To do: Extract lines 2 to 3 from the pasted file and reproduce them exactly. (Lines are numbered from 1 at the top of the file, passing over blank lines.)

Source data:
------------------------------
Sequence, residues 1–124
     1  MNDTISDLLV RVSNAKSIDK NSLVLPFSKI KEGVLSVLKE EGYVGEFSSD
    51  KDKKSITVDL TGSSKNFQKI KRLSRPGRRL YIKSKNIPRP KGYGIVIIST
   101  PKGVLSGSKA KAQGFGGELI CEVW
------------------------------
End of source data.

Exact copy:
     1  MNDTISDLLV RVSNAKSIDK NSLVLPFSKI KEGVLSVLKE EGYVGEFSSD
    51  KDKKSITVDL TGSSKNFQKI KRLSRPGRRL YIKSKNIPRP KGYGIVIIST